Clear Seeing

One thing that all these explanations have in common is that it is the process of clear seeing that is central to being at one with the present moment; to connecting with what you are experiencing. When I practice Mindful Photography my first intention is to use what I see as my anchor. I walk, with my camera, observing the world. I am not looking for a photograph I am observing the visual panorama before me. Every time I notice that my mind has wandered into planning, reflecting or judging I come back to the seeing.

Then there will come a moment of visual stimulation, something will ‘catch my eye’. I stop and rest in that moment. I try to stay with what it was that stopped me, connecting to the visual nature of the scene.

Finally, I receive the photograph. This is achieved by creating the equivalent of what I see with my camera. I consider where to place the rectangular frame. Maybe I move in or zoom in, or both. It is almost inevitable that during this final stage my clear seeing will be influenced by barriers; these include photo thinking, excitement, conceptualisation and judgement. I notice these thoughts and return to the visual stimulation that first stopped me. Press the shutter and walk on.

How do we see clearly?

Those barriers to clear seeing each have a lot to them. Let’s start with conceptualisation as that has the clearest link to the process of seeing.

Your eyes see light. It is your mind that then makes sense of what you see. In micro seconds your mind assembles all that visual information and applies labels. Colours, three dimensional depth, form, shape, pattern and texture are identified and the objects are given names.

But your camera doesn’t see like that. It captures light, just a small rectangle (not the almost 180 degrees that you see) in two dimensions. It does not know what it is seeing. So to ‘create the equivalent’ of what stopped you in that moment of visual stimulation you need to see like a camera. Claude Monet explained this clearly.

“In order to see we must forget the name of the thing we are looking at”

In forgetting the name, or label, we start to see the light. Is that easy? Oh no, it takes practice, lots of practice. In fact as Malcolm Gladwell suggested in Outliers it takes 10,000 hours of practice to become a master of anything. This truth is fundamental to our development as Mindful Photographers particularly when we consider the photo thinking – the technical and compositional ideas that underpin successful photographs – that swirl about our mind when we are trying to see clearly.

I believe that Mindful Photography must build upon the foundations offered through contemplative photography. It must offer practices that support your intention to remain with your clear seeing, whilst all that photo thinking and emotional experience is occurring. As you develop as a photographer, as you learn the technical and compositional context, there are mindful photography techniques and practices that you can follow that will help: wherever you are on that journey of 10,000 hours.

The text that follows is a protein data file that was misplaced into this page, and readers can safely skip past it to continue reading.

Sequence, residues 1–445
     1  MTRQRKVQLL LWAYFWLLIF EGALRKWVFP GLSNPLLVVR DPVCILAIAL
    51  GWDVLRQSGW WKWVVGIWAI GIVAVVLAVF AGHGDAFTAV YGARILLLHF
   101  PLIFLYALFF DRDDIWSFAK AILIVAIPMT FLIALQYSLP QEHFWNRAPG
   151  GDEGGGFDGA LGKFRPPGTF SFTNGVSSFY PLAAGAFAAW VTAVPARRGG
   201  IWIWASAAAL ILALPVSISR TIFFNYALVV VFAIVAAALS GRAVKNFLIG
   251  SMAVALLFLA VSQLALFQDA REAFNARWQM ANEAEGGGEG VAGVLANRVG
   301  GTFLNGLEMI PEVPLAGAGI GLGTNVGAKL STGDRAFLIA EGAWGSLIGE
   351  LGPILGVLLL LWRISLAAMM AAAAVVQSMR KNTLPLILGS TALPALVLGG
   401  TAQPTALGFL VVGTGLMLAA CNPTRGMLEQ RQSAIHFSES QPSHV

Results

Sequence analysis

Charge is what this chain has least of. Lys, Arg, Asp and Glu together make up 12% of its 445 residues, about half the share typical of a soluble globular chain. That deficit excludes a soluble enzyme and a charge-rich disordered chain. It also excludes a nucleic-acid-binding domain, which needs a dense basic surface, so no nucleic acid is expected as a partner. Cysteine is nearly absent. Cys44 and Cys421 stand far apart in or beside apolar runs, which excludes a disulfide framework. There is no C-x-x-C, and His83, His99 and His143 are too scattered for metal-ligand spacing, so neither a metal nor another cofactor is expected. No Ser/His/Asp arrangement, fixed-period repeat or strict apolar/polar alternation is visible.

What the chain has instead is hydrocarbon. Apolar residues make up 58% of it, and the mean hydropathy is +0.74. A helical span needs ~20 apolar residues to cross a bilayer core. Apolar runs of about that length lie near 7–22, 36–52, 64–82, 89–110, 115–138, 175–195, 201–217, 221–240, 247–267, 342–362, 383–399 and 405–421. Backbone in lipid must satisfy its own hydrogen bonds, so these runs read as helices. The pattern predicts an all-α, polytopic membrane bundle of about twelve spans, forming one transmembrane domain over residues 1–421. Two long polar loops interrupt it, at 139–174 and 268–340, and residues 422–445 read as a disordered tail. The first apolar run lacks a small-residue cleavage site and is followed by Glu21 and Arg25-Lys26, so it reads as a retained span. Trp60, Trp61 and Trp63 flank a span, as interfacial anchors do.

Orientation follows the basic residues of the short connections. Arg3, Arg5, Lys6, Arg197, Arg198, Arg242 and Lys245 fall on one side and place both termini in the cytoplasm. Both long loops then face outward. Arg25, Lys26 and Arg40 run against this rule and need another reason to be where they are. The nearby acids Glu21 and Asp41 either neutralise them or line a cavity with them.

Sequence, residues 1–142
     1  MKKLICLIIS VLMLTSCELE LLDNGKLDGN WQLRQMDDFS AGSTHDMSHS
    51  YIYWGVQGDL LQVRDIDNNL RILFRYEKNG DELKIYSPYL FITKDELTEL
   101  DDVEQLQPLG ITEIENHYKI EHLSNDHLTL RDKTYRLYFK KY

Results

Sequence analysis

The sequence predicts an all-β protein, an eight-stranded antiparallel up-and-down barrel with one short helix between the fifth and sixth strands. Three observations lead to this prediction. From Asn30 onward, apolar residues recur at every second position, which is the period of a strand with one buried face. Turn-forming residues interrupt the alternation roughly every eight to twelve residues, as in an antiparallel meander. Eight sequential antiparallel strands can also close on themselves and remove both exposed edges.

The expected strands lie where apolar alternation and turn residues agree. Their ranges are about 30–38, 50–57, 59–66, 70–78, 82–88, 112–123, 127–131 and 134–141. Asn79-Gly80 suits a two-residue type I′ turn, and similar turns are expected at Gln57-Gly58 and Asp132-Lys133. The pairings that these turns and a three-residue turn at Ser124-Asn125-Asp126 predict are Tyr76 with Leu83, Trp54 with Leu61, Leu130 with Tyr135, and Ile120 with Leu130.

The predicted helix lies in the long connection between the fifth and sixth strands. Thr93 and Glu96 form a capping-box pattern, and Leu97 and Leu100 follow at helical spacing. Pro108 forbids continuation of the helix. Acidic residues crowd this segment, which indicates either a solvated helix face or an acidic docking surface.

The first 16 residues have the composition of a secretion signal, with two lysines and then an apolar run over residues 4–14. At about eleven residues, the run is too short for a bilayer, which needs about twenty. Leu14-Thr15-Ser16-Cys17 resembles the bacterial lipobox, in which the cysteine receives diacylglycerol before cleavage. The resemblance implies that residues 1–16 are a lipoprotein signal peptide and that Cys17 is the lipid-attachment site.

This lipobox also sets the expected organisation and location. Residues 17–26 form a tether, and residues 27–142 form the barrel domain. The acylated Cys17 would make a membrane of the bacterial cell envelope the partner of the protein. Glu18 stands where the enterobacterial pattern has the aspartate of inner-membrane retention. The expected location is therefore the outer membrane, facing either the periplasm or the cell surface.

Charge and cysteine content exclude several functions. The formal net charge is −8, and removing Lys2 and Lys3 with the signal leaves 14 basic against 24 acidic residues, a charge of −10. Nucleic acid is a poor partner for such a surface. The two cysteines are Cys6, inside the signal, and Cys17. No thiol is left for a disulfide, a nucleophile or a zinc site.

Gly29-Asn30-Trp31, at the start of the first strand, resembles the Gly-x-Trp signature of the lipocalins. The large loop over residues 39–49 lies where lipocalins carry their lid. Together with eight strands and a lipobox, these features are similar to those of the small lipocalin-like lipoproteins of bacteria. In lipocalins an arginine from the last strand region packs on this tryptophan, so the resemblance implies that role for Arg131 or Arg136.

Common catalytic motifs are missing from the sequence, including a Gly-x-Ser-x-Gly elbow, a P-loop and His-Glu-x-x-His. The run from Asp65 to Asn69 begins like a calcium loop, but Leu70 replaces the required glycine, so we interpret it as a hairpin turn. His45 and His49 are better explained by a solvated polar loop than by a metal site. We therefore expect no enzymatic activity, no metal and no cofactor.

What are these techniques and how can you learn them? Read on…

Mindful Photography Practices

I have created many activities that can help you to develop a mindful approach to life through your photography. I call these activities Mindful Photography Practices.

Each one of the practices is an activity designed to either apply mindfulness to the art and science of photography, or to support your development of a mindful life through photography. Within this exploration of life and photography there is an opportunity to become more familiar with who and how you are.

What you need is an example! Here is an example of a mindful photography practice that will support you on this exploration.

What happens when you practice mindfulness?

When you practice mindfulness, be it simply sitting for meditation, following a mindful movement practice like yoga or engaging in a mindful photography practice, you have the opportunity to notice what your mind is doing. Many people new to mindfulness have an expectation that it will help them respond skilfully, rather than react habitually, to the stress in their lives. This is true it will, but there is more to be aware of.

As you focus upon just doing one thing (sitting and following the breath) you begin to notice how busy and noisy your mind is. As you continue to practice over many days, months and years this experience allows you to become more aware of your mind’s habitual thinking. It is quite possible, even likely, that the more you practice the more older thoughts and feelings will arise.

These previously well buried thoughts and feelings emerge into the space and quietness that you have created. You may find this very uncomfortable. I have a mindful photography practice I am going to share here that may help you hold this experience with gentleness, as you move towards accepting what you are experiencing.